For lovers of the peculiar, The Guardian website’s re-creation of World Cup matches on a lego pitch with lego men, filmed in slow motion, proved to be almost as good a summary of the action as any written report. The final itself was reduced to two nasty tackles, one by the Dutch and one by the Spanish, and the now infamous de Jong kick (how long before a new martial art is christened?). Oh, and the winning goal.
The writer and philosopher Albert Camus, a goalkeeper, once said he had learned most of what he knew about morality and man from football. In this vein, there was a great deal of discussion after England’s crushing defeat by Germany about the triumph of teamwork over individualism. Never has there been so much talk about a false dichotomy.
It was rarely remarked upon how individually talented the German players were; the implication seemed to be that any group of players who knew how to pass to each other would have succeeded.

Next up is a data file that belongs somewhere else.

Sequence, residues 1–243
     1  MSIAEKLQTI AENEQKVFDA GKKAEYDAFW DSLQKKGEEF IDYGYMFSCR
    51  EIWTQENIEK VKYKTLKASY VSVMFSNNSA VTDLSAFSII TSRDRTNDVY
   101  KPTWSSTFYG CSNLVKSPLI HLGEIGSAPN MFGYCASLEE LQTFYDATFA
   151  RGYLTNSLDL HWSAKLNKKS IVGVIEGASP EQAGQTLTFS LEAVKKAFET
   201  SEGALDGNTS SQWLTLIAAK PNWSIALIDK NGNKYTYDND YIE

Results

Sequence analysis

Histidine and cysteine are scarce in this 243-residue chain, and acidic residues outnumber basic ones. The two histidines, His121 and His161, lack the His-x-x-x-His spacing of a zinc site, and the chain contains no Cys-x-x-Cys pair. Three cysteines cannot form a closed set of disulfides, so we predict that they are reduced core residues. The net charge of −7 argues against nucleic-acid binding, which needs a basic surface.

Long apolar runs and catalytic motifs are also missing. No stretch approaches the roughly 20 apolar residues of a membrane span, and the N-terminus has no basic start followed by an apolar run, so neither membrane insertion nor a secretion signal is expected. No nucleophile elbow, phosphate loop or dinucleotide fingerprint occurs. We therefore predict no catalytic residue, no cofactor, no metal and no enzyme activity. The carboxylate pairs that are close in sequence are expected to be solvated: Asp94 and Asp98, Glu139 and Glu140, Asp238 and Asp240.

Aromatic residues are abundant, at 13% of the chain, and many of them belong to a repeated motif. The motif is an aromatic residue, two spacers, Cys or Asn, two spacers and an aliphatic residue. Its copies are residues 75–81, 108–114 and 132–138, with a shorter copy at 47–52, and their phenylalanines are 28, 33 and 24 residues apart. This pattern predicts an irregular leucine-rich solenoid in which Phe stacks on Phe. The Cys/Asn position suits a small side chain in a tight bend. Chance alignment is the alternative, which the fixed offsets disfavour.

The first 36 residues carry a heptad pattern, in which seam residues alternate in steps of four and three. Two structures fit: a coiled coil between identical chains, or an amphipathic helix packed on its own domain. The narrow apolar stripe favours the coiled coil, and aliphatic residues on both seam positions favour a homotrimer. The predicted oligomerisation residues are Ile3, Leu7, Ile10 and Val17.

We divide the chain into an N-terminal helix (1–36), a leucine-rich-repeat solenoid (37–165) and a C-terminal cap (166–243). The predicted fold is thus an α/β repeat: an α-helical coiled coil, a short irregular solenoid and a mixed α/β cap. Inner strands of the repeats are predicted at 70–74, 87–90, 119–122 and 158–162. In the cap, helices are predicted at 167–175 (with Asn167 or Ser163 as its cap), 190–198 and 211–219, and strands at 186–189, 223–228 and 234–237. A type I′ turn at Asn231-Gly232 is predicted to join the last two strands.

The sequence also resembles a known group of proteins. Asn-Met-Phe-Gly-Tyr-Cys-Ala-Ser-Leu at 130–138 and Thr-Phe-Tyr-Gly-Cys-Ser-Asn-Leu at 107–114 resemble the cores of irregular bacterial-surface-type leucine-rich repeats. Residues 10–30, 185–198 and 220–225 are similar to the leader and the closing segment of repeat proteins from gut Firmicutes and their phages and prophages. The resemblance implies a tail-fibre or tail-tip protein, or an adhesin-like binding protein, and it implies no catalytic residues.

The pointless teamwork/individualism debate came to a shuddering halt after the final. The realisation that a group of players can, as a team, decide to be bad in the moral sense in order to achieve their ends should not have come as a great surprise, especially given the history of the financial world in the last three years. The outcry against the Dutch is a healthy sign. Values are more fundamental to what we do as individuals, as communities, as organisations and as institutions than anything else.
Lose sight of that and we might as well join in the veneration of an octopus in a tank that was passed off as the mollusc world’s Nostradamus.